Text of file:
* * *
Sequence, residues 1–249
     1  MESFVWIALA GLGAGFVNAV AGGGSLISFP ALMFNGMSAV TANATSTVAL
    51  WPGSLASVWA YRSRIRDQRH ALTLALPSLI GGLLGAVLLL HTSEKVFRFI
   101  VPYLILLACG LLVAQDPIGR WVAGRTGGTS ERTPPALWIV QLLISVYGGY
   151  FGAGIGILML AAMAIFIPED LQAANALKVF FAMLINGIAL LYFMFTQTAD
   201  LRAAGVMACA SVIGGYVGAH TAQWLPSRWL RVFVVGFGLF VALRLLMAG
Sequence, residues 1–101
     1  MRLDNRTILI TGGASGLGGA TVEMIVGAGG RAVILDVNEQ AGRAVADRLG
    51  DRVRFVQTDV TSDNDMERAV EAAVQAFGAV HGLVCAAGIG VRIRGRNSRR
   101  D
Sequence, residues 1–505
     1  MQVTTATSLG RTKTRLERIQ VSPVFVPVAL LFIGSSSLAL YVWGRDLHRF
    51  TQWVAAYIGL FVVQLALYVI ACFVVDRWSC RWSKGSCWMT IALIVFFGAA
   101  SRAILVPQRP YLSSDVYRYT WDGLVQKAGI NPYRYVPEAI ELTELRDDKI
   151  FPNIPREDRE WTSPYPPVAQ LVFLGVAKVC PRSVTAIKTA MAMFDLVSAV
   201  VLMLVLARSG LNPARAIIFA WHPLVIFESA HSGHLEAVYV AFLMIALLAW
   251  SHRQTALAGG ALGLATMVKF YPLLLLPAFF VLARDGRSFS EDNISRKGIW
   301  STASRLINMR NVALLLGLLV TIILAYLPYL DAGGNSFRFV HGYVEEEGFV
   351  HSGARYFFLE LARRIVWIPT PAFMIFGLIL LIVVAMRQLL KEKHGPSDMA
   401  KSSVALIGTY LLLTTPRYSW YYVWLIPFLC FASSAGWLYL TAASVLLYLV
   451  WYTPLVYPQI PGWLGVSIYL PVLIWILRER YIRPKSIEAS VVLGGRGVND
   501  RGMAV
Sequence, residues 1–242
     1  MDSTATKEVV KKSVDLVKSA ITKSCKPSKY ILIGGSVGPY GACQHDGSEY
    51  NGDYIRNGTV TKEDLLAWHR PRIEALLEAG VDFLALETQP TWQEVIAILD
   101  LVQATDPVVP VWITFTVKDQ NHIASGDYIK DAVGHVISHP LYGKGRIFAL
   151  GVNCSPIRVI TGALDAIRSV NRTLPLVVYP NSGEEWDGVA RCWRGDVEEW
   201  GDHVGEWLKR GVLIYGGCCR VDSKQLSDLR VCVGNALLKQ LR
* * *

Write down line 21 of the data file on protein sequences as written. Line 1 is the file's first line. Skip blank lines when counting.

   451  WYTPLVYPQI PGWLGVSIYL PVLIWILRER YIRPKSIEAS VVLGGRGVND